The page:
Bean growers, chutney makers, gluten-free granola manufacturers and at least 100 other food producers from across Whole Foods 7-state Rocky Mountain region converged on Boulder, Colo. this week for a chance to see their product on the store's illustrious shelves. "If you think you're going to get rich in this industry, you may as well get up and leave now; this is a tough business," warned Paul McLean, Rocky Mountain region vice president of purchasing. Still, the air was pregnant with high hopes as the packed house was peppered with advice from such successes as Justin Gold from Justin's Nut Butter and Mike Schultz founder of Schultz's Gourmet Hot Sauce.
Elisa Bosley, senior food editor for Delicious Living and I headed to the event looking for a sneak peak at never-before-seen products. While we were able to intercept a few people between chats with all-important grocery buyers, we didn't scratch the surface. Most of the morning was consumed by presentations from Whole Foods executives educating producers on how to establish successful relationships with the store. The afternoon was filled with valuable one-on-one scheduled sit downs between producers and buyers.
Though our sample-ready bags remained empty, what we did come away with was a great example of how retailers large and small can go a long way toward supporting local vendors. Until this symposium, Whole Foods, to the best of my knowledge, has never formally opened its doors to small food producers--many which likely have little or no distribution. I can imagine such an act would be more hassle than helpful for the store. Generally, before a product makes it onto the grocery shelf, a vendor must ensure a few basic things: demand, growth and a reliable supply chain. Opening its doors to fledgling companies who may not have these things could be a colossal waste of time. Luckily for those in attendance, Whole Foods doesn't feel this way.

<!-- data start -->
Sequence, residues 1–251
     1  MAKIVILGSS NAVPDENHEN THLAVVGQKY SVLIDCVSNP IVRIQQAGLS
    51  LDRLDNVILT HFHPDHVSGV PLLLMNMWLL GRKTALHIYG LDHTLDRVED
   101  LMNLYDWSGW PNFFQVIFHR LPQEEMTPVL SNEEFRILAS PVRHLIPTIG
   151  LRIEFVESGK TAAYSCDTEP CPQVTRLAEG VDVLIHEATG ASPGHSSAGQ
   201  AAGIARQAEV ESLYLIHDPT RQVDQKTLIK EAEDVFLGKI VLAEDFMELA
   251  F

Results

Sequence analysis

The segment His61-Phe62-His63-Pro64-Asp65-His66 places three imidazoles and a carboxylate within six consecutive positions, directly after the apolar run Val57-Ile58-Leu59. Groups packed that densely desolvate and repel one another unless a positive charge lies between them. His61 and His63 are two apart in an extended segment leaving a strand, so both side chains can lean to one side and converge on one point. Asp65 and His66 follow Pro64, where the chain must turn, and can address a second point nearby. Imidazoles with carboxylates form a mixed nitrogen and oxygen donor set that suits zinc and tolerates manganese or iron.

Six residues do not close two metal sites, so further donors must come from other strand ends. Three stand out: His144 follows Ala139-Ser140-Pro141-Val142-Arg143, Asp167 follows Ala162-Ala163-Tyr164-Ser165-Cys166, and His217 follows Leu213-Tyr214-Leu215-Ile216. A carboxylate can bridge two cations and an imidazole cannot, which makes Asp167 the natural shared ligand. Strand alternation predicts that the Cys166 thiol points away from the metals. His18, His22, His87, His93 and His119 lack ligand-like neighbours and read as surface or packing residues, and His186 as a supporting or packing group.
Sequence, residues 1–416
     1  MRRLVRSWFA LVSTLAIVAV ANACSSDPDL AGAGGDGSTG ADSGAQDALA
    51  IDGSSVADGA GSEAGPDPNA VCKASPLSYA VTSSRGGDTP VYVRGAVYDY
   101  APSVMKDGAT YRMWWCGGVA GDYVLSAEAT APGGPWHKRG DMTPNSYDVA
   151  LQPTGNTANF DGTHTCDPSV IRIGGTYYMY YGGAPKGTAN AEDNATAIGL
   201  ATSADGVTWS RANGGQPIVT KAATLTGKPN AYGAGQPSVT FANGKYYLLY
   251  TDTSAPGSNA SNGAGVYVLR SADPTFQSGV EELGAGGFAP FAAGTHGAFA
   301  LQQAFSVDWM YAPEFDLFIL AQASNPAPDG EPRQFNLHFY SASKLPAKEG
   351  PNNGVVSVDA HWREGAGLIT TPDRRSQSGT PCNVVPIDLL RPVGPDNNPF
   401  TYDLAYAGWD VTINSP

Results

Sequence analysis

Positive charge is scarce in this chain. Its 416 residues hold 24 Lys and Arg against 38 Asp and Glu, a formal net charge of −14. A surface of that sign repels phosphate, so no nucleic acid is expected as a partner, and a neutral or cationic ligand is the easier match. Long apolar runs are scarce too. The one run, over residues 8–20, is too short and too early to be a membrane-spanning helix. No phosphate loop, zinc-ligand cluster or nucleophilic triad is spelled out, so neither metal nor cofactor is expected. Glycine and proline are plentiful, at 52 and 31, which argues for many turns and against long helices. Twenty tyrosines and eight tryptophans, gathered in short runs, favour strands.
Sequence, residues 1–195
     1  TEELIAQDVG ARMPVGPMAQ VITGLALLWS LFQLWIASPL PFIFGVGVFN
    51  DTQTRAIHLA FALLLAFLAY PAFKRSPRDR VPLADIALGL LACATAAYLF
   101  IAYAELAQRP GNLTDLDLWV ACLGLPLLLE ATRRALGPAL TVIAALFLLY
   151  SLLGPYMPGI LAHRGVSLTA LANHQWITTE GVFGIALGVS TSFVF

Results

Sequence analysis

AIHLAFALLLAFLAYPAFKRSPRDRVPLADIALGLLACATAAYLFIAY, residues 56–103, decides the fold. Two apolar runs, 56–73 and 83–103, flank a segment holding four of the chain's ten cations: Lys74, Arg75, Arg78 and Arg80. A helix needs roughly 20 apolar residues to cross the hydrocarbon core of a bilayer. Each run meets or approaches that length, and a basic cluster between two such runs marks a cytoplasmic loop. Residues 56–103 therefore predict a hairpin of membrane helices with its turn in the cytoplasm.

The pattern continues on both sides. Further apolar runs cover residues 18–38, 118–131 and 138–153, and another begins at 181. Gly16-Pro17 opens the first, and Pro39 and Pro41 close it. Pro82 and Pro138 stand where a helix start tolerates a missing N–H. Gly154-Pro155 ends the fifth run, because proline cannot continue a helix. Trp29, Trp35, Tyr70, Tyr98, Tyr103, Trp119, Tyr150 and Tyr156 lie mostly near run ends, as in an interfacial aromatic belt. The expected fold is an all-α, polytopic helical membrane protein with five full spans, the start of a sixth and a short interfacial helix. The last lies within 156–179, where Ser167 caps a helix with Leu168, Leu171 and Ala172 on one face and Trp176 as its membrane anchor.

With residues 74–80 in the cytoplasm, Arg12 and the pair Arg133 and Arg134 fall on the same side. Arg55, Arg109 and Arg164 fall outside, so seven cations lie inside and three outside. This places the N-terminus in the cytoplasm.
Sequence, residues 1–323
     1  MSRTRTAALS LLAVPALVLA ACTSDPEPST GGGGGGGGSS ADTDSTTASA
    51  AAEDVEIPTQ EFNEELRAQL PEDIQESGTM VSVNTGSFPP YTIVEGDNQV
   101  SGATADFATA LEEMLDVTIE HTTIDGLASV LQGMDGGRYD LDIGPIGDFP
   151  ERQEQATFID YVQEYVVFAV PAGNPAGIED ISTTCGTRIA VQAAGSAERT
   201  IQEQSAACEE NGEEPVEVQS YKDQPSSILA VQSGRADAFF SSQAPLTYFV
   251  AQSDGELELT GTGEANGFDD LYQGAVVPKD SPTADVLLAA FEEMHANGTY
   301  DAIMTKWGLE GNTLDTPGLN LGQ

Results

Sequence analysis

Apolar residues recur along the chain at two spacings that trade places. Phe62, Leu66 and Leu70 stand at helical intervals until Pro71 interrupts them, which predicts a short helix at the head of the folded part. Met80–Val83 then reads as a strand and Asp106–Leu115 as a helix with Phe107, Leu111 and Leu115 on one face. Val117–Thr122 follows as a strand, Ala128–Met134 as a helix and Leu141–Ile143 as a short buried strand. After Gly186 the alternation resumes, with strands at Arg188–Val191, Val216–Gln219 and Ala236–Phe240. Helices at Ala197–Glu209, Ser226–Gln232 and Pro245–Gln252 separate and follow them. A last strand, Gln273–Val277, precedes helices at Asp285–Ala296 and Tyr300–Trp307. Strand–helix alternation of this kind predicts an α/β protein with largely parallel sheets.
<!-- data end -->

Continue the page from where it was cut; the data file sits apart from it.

Tom Rich, Rocky Mountain region grocery coordinator, helped organize the symposium as a way to foster relationships with producers in his backyard. During a brief introduction he highlighted Whole Foods small business loan program, and detailed how vendors can utilize the expertise of seasoned grocery buyers to build their operations. Of course, many smaller naturals stores established their businesses and continue to thrive through with these kinds of relationships. But, in an increasingly competitive retail market, larger chains are following suit, trying to differentiate from the competition by securing exclusive producer contracts.
Even if your store now works successfully with local producers, it couldn't hurt to extend a hand to other vendors in your area by following Whole Foods' lead and organizing a formal get-to-know you event at your store. The producers we spoke with, some who came from as far as Kansas and jumped at the chance, mostly sought advice and an opportunity to build meaningful relationships. You don't have to be a huge supermarket chain to offer the same opportunities in your neck of the woods.